You may have seen or heard about a TV sitcom called The IT Crowd. It was a British comedy series which centered on the lives of two IT (Information Technology) guys and their boss who really doesn’t know all that much about IT. They work for what is presumably a large communications company of one sort or another (no one really knows what the company does) and the laughs are generated by the disparate interactions of the guys with their boss, from their antics with other employees (“Have you tried turning it off and back on again?”), and from their stereotypically inept social endeavors. While there are some hard and fast truths to be gleaned from this comedic representation of the IT world (powering on/off really does work a lot of times), we like to handle things a little differently here at Hodges-Mace as far as employee interactions are concerned.
The Woes of Trickle-Down Economics
When your technology doesn’t work for you it inevitably is working against you, negatively affecting your productivity and even inhibiting your collaborative efforts. In these situations, you might wish for a knight in shining armor to arrive; someone who can cudgel your equipment into tiny spark-ridden pieces and then ride off with you into the sunset, or at least into the weekend. What you really need, though, is someone with the knowledge and skill to fix your problem so you can get back to being productive. And what you really, really need is someone who can do this without making you feel like an idiot for not figuring it out yourself. Why? Trickle-down economics. Let me explain.
We all know how trickle-down economics is supposed to work but you may not realize that the underlying principle can be applied in other contexts. The idea here is that a frustrated employee is going to trickle that frustration, whether consciously or not, down into all of his or her interactions. Eventually it reaches a stress-induced manageable level where they can do their job with relatively little showing of how they actually feel. Over time, this not only fatigues the employee by making it harder, and in some cases more dangerous, to unwind after work, but it also negatively affects their personal brand in the eyes of their coworkers and clients. As we say here at Hodges-Mace, the employee’s brand is what makes the company’s brand great and if the employee’s brand is communicating frustration then that frustration trickles down into the company brand. This is why establishing and maintaining a positive internal company culture is vital to an employee’s successfulness and, ultimately, to creating positive external experiences for clients.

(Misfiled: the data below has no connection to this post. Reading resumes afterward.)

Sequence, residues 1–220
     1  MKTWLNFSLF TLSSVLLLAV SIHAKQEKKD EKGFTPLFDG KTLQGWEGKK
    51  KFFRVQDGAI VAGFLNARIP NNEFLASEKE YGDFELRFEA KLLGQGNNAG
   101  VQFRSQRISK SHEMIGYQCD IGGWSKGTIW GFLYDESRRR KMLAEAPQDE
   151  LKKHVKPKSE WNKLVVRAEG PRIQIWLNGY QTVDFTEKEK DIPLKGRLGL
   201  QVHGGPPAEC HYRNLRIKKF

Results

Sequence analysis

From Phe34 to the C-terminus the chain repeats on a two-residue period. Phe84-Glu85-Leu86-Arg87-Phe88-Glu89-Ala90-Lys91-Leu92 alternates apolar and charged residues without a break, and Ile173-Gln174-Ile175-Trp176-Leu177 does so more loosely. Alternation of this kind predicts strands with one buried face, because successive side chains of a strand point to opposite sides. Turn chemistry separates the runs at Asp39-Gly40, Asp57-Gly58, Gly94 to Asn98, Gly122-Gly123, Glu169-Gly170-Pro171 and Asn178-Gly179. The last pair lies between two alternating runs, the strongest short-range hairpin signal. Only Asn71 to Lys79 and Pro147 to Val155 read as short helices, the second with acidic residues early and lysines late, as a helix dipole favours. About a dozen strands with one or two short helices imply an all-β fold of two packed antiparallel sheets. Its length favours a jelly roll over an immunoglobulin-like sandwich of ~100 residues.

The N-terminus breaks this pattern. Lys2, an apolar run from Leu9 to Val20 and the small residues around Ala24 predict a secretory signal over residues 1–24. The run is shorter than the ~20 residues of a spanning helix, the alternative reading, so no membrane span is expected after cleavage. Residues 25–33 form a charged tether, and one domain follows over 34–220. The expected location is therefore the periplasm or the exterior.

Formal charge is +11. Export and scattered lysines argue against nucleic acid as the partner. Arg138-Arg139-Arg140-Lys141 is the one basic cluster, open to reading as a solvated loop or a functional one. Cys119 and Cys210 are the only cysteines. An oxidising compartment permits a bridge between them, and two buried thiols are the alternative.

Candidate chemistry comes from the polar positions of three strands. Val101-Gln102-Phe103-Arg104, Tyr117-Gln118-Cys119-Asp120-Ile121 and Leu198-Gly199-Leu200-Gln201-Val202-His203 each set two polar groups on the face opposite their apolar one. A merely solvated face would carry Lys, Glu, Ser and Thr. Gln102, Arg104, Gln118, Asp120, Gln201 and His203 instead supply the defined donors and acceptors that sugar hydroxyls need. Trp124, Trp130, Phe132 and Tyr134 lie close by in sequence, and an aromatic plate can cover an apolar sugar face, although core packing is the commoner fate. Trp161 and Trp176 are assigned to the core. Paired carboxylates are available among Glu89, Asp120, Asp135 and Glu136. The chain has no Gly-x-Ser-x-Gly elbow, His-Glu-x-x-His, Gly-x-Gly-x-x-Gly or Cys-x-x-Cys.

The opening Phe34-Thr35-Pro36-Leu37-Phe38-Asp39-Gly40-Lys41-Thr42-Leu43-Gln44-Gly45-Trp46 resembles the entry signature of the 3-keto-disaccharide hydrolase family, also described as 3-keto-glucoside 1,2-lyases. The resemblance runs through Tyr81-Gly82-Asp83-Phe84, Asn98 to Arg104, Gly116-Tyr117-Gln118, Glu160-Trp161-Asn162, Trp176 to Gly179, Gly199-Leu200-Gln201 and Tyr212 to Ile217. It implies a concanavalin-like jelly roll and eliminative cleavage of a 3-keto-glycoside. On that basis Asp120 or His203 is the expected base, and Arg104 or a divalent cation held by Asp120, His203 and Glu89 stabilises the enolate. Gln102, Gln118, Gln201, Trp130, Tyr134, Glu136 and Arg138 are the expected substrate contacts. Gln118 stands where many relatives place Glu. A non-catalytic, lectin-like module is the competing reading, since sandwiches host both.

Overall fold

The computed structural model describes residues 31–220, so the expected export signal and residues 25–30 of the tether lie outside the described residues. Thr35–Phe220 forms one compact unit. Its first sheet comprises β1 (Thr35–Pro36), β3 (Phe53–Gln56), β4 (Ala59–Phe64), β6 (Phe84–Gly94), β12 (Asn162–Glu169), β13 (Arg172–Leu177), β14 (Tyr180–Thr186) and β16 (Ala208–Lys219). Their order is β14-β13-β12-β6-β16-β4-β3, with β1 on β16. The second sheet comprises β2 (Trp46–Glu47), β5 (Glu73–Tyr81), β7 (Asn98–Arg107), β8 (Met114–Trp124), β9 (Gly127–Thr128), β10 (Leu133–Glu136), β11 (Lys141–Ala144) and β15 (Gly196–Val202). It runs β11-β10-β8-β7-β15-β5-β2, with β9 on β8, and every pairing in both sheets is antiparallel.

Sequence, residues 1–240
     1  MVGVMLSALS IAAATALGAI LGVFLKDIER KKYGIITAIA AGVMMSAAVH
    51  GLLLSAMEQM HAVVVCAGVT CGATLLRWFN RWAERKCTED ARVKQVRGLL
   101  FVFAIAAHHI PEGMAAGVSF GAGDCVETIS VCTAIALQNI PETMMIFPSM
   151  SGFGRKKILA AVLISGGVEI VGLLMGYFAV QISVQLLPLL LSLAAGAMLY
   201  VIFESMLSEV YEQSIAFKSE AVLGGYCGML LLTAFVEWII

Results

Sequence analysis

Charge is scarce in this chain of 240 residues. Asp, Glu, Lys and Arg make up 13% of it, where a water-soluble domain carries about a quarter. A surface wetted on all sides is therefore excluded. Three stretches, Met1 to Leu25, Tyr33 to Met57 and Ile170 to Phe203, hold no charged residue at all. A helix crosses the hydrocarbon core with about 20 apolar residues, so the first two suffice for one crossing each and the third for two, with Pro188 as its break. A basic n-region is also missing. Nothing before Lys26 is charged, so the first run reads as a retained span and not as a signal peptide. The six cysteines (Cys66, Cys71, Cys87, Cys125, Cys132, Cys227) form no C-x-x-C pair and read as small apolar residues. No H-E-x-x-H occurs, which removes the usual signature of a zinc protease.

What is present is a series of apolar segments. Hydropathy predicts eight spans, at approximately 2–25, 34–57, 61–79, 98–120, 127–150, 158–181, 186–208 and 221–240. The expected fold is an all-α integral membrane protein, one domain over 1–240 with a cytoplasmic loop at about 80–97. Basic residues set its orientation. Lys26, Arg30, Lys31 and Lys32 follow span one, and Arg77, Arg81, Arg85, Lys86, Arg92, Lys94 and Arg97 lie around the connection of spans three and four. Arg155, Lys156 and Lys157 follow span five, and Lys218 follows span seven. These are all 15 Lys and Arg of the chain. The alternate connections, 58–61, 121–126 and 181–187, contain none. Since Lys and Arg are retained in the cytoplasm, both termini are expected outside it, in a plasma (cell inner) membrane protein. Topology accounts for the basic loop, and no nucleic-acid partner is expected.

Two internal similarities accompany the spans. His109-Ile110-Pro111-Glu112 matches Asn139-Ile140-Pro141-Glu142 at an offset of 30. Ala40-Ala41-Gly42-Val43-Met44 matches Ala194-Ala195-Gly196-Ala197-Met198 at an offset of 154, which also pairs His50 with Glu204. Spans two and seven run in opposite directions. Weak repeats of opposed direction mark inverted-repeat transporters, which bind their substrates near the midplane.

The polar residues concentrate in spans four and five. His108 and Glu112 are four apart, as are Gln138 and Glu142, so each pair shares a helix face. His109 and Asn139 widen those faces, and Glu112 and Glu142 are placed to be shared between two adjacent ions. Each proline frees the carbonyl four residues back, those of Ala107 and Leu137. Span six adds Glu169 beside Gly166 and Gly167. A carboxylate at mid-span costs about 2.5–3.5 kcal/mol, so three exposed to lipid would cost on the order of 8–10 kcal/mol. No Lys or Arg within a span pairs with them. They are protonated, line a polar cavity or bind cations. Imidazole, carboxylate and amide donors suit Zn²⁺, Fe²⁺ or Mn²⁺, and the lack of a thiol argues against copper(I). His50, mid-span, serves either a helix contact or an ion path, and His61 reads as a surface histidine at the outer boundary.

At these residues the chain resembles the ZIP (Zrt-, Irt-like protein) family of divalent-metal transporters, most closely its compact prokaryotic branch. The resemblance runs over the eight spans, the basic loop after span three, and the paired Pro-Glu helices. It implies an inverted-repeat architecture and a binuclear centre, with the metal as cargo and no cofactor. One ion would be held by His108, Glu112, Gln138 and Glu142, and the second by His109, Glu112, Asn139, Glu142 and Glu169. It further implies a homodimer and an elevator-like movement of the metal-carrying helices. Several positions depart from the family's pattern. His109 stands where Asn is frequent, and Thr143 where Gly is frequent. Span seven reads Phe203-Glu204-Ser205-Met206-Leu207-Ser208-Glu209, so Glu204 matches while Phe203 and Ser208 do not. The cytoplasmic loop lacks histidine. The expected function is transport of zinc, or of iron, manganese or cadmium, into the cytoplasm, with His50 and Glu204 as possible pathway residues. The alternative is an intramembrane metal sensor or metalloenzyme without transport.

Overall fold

A Good Attitude Goes A Long Way
As someone who works in IT, and specifically as someone who does a fair amount of problem solving for my fellow coworkers, I try to make all of my interactions a positive experience. I know very well how frustrating it is when technology doesn’t work. Your phone doesn’t have a dial tone and you’ve tried “everything”? Well, all I did was plug it back in to the outlet under your desk. But, unlike the fellows in The IT Crowd, I don’t need to make you feel foolish about it; it isn’t helpful for me to contribute annoyance to your frustration. So I make the comment that you aren’t the only one this happens to and that it even happens to me. I’ve fixed this problem a thousand times before and will happily fix it thousands more because I want you to enjoy my company and my Company.
The takeaway? Be cheerful and sincere about easy, seemingly self-evident, solutions and cheerfully dedicated to resolving the more difficult issues. Here is another opportunity to put into practice one of our other core values by creating awesome experiences. Not only does your attitude affect those around you but how you speak to them and even the words you use can have a positive or negative influence. The goal is to turn a frustrating situation into a fantastical one, or at least into one that isn’t going to negatively affect the rest of someone’s day.